Thursday, May 7, 2009

Best of Times, Worst of Times, Part I - The Worst of Times

American River 2006

Dude must have been at least 70. 75 maybe. I think he may have been using a walker. "What dude?" you may ask. The old dude who was passing me at mile 48 of the 2006 American River 50, that's who. He wasn't the only one. I'm reasonably certain I was also passed by a woman with no legs and large box turtle. It was one of the "worst of times" indeed. I was worked. Spent. I had nothing. Where did it all go wrong? Maybe it was because I let the first 26 flat, paved miles lure me into a too-fast pace. Maybe it was the next 20 miles of mud and ankle-deep water that comprised the "trail" portion of the race. Maybe my training sucked. Maybe it was all that and the fact that this particular race ends with a lovely 1000 vertical foot climb over the final 3 miles. Yep, 1000 feet, 3 miles. In retrospect, it certainly isn't the toughest climb in these sorts of races. Most of the vertical gain came in the first mile and the last 2 miles were pretty tame and on pavement. But at the time for this flatlander, it was definitely the hardest ascent I'd ever faced. And at mile 47 in only my second 50 mile race, it was an eye-opener. It was the hardest physical thing I'd ever done & I couldn't imagine feeling worse.

Miwok 2007

But feel worse I did. Much worse. For example, Miwok, my first 100K finish. At alternating points in the race I felt wonderful (even giddy) and then (sometimes just minutes later) . . . utterly crappy. But that's the nature of the beast. There will be ups. There will be downs. And they will be repeated and even amplified the longer the race goes on. So what makes Miwok special? Well, Miwok was where I first experienced the uber-bonk. If you've run marathons, you've probably had your experiences with "hitting the wall." 18, 19, 20 miles in, the energy is gone. Your glycogen stores spent, the body begins to feed on itself. It's hard to run. Maybe you walk a little. It sucks. Well, this was hitting the wall on roids. Hitting it and having it fall on top of you. My pacer Chris and I had just come off a long but fun descent (about 1400 vertical feet in 2 miles or so) from Pan Toll (Mile 49.5). I'd made it through some rough patches earlier in the race and was feeling pretty good, especially considering I'd already covered over 50 miles. Once the big descent is done, you've only got maybe 3 and half miles to the next aid station (Highway 1). Not far at all. Unless, that is, you've not been taking in enough (or really any) calories over the past few hours and your body sort of, you know, runs out of fuel. When that happens, especially 52 miles into a race, the hammer comes down shockingly fast and brutally hard. One minute you're okay. The next it's a struggle to put one foot in front of the other. And I don't mean one foot in front of the other running. Or even walking. I mean just managing to move the body forward at all becomes a monumental struggle. Any small roll in the terrain is magnified tenfold. The brain, deprived of fuel, begins to struggle too - the mind goes blank. Everything is fuzzy. You are reduced to your reptilian essence. There is no multitasking. Only singular thought.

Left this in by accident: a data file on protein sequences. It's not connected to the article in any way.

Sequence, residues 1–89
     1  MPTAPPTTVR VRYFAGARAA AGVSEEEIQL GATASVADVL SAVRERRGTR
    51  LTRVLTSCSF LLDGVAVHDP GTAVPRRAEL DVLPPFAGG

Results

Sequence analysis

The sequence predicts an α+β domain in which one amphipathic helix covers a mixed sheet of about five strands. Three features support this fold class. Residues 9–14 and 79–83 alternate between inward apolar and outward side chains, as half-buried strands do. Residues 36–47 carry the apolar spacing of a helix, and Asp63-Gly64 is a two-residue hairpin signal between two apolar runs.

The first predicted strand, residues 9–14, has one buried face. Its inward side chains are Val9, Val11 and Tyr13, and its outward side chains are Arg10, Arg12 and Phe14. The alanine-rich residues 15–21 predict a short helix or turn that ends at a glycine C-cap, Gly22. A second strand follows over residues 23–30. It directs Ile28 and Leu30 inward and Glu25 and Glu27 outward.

In my case that thought was . . . Coke. Make it to the aid station so I can have Coke. Get aid station for Coke. AidstationCoke. Sure, Chris would do what good pacers do and say positive things. "We're close." "You don't look too bad." "Do you realize this is that longest you've ever run? That's awesome." At least I suspect he was saying things like that. I know his lips moved. But all I knew was . . . Coke. Here's the funny part. We knew the aid station was maybe only 3 miles away. Probably less. But in my frame of mind, units of measure begin to lose relevance. They become unmoored from the tangible, the known. To me, 3 miles was a loop around Memorial Park. 3o minutes on a bad day. But this 3 miles was not that 3 miles. Seriously, this 3 miles shared not one similarity with that 3 miles. Because, you see, this 3 miles NEVER FUCKING ENDED. At some point, even Chris's positive pacer demeanor failed as he began to wonder where the fucking aid station was, to proclaim profound thoughts like "3 miles my ass." And then hours (days?) later, when I literally was on the verge of passing out on the trail, we caught sight of it. The Highway 1 Aid Station. A shining beacon on the hill. Well, really just a folding table and a couple of dudes chilling out. The volunteers (saavy ultra veterans no doubt) would not let me sit down ("beware the chair"). Instead, they treated me to multiple cups of, yes, COKE, the miracle drug. And PopTarts (frosted, with sprinkles). And then they sent us on our way.

I felt only marginally better as we walked out to tackle the final 8 miles or so, but caffeine and sugar are God's gifts and they did not let me down. Soon, I was reborn yet again. Maybe we didn't run much during those final miles, but we ran a little. I finished. Called the spouse to let her know I was alive. Ate some real food. Got some swag. Cheered for the very few runners finishing after me. All was right in the world. That is, until a few months ago and the Rocky Raccoon 100 miler. But that's a subject for it's own post. For now, I'll let the picture at the top of this post suffice: Mile 60. The end of my day.

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